Researchers using a protein or enzyme really called a hydrogenase plus a nickel-based catalyst were able to create hydrogen gas 10 times faster than proteins found in natural microbes and 100 times faster than the previous synthetic catalyst record holder. The scientists used nickel which is a much cheaper metal than the norm which is platinum for creating the reaction.
According to PNNL, “Electrical energy is nothing more than electrons. These same electrons are what tie atoms together when they are chemically bound to each other in molecules such as hydrogen gas. Stuffing electrons into chemical bonds is one way to store electrical energy, which is particularly important for renewable, sustainable energy sources like solar or wind power.
“Converting the chemical bonds back into flowing electricity when the sun isn’t shining or the wind isn’t blowing allows the use of the stored energy, such as in a fuel cell that runs on hydrogen … Based on the hydrogenase’s proton relay, the experimental catalyst contained regions that dangled off the main structure and attracted protons, called ‘pendant amines.’ A pendant amine moves a proton into position on the edge of the catalyst, while a nickel atom in the middle of the catalyst offers a hydrogen atom with an extra electron (that’s a proton and two electrons for those counting) … With that plan in mind, the team built potential catalysts and tested them. On their first try, they put a bunch of pendant amines around the nickel center, thinking more would be better.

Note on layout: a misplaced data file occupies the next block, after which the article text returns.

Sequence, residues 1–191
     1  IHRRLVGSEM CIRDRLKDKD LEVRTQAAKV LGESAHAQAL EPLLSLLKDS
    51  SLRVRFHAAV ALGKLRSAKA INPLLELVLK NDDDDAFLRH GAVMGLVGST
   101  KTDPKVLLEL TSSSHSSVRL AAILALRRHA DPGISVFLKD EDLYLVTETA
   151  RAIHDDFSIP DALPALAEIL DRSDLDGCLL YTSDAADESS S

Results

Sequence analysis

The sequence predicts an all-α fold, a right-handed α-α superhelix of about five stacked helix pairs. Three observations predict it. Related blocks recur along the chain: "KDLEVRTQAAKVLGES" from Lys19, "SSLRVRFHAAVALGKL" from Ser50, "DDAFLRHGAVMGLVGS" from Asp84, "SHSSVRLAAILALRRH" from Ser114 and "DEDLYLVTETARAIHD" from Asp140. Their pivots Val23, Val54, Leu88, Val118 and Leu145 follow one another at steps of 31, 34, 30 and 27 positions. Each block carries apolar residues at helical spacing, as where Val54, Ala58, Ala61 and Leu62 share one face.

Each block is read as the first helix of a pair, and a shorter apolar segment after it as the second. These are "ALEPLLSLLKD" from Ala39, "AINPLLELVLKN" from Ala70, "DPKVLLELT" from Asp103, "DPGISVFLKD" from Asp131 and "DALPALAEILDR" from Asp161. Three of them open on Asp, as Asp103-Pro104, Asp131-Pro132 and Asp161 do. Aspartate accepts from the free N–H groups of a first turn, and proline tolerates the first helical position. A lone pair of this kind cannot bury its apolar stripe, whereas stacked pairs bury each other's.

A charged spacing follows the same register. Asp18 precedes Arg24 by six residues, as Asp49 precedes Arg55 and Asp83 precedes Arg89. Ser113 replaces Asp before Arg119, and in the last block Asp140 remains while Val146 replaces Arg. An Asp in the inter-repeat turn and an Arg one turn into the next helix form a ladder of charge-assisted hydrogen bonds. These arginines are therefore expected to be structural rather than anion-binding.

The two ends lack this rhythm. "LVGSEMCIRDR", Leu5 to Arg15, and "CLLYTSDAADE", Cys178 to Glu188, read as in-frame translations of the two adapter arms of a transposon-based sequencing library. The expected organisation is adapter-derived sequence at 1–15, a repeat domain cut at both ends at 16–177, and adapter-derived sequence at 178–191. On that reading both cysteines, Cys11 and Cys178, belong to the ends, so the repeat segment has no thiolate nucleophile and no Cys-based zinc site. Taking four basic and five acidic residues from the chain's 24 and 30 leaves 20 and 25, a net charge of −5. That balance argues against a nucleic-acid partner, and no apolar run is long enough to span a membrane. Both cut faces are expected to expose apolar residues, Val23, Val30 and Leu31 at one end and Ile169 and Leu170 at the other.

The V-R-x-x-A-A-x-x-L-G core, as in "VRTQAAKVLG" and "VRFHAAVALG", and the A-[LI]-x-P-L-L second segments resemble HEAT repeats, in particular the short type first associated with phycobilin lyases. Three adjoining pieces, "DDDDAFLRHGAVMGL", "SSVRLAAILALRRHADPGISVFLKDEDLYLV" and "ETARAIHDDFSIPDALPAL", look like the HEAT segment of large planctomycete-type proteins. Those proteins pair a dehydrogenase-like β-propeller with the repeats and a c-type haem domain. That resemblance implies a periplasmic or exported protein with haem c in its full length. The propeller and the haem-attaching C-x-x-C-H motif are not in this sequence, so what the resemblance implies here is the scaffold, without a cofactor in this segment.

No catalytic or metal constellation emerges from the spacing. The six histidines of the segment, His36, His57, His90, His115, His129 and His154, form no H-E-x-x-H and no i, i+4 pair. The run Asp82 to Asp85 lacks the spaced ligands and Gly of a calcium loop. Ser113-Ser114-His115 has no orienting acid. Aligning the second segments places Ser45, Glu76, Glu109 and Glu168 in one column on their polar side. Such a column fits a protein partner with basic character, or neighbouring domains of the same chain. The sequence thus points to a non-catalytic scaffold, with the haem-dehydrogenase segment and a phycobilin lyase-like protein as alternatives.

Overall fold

“Testing their catalyst, they found it didn’t work very fast. An analysis of how the catalyst was moving protons and electrons around suggested too many pendant amines got in the way of the perfect reaction. An overabundance of protons made for a sticky catalyst, which pinched it and slowed the hydrogen-gas-forming reaction down.
Like good gardeners, the team trimmed a few pendant amines off their catalyst, leaving only enough to make the protons stand out, ready to accept a negatively charged hydrogen atom.”
The trimming of the catalyst is what did the trick for the researchers. They found that using water (H2O) that that reaction times surprisingly increased to about 100,000 molecules per second which was 10 times faster than natural proteins in microbes could produce hydrogen gas. With additional modification to this process the researchers have high hopes for creating a method and materials for creating large quantities of hydrogen gas cleanly and cost effectively.